With Californians in COVID lockdown, industry lobbyists are working to overturn voter-approved consumer protections
Op-Ed Commentary by Harvey Rosenfield
August 2, 2020
State lawmakers are preparing a gift for you: a massive increase in the premiums you pay to insure your home and property.
While most Californians have been in lockdown, lobbyists for the insurance industry have been in Sacramento working hard to overturn protections California voters passed in 1988 against insurance price-gouging and discrimination.
Proposition 103 required insurance companies that want to raise their rates to open their financial records for public scrutiny and justify their requests. The initiative prevented insurance companies from padding their premiums with inflated expenses. And it barred inequitable underwriting practices that penalize the communities that can least afford it.
Assembly Bill 2167, authored by Tom Daly, D-Anaheim, would repeal those safeguards. It would allow insurance companies to charge as much as they want for homeowners and renters insurance wherever they say homes and apartments are at higher risk of wildfire. It would strip the elected state insurance commissioner of the power voters gave him to prevent insurance companies from non-renewing neighborhoods.
Insurers would be able to hide arbitrary rate-setting algorithms and other financial shenanigans from the public. Homeowners’ insurance rates would immediately go up 40% or more if AB 2167 passes, according to an independent analysis.
The bill rocketed through the Assembly in June. This week, the California Senate Insurance Committee will consider it.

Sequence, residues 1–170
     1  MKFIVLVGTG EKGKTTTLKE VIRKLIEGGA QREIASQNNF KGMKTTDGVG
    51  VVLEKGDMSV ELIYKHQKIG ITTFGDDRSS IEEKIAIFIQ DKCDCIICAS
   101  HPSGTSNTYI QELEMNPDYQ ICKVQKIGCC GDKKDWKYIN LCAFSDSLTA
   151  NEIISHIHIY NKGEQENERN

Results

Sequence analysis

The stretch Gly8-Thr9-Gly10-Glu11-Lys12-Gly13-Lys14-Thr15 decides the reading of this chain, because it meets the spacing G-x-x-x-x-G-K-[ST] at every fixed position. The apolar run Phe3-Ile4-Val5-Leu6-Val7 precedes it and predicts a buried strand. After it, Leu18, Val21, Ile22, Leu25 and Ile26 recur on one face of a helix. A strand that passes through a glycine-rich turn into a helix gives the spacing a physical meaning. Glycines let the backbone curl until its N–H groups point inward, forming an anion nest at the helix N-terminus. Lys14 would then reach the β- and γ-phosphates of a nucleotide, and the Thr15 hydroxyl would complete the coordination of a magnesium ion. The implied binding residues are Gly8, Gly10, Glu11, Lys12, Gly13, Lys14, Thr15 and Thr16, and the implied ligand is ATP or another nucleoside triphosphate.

The insurance industry is cynically using one crisis — the coronavirus pandemic — to sneak through a bill that pretends to address another crisis — the insurers’ refusal to sell coverage to communities that have been hit by wildfires. The insurance companies promise that if they can charge as much as they want, they will resume selling insurance in those stricken regions. But nothing in the fine print requires an insurance company to do so.
In any case, if insurance rates are deregulated, most people would be unable to afford to purchase coverage at all. AB 2167 is a no-lose deal for the insurance industry: higher rates, with no obligation to sell insurance to people who must buy it to keep their homes.
Maybe you’re wondering how politicians can overturn a ballot initiative approved by voters. Actually, they can’t. The California Constitution and Proposition 103 forbid the Legislature from hostile amendments like AB 2167.
But the insurance industry has given over $32.5 million to state lawmakers since 2009, including $161,686 to Sen. Steve Glazer, D-Orinda, a member of the committee that will hear the bill this week. And AB 2167 would allow insurers to include their campaign contributions and lobbying expenses in the price of insurance coverage.
We’ll see if that’s enough for lawmakers to defy the Constitution — and leave it to the courts to invalidate the amendment years later. They’ve tried that gambit three times with Proposition 103 over the last three decades; each time the courts, including the state Supreme Court in one case, have blocked them.
Do politicians think that, with everything else happening, the voters won’t notice this betrayal? Eventually, the bills will roll in, just as they did when lawmakers deregulated utility rates in 1998. That fiasco cost California consumers $71 billion — and many lawmakers their jobs.
But things have changed since then. Since its passage, Proposition 103 has saved Californians hundreds of billions of dollars on their insurance premiums, according to independent studies. These days, the public’s demand for fairness and justice is stronger — and being heard more clearly by elected officials.
In the midst of the pandemic, the economic calamity that it has caused average Californians, and an electorate determined to topple the political status quo, senators who vote for an insurance rate hike risk the voter’s wrath.
Harvey Rosenfield is the author of Proposition 103 and the founder of Consumer Watchdog.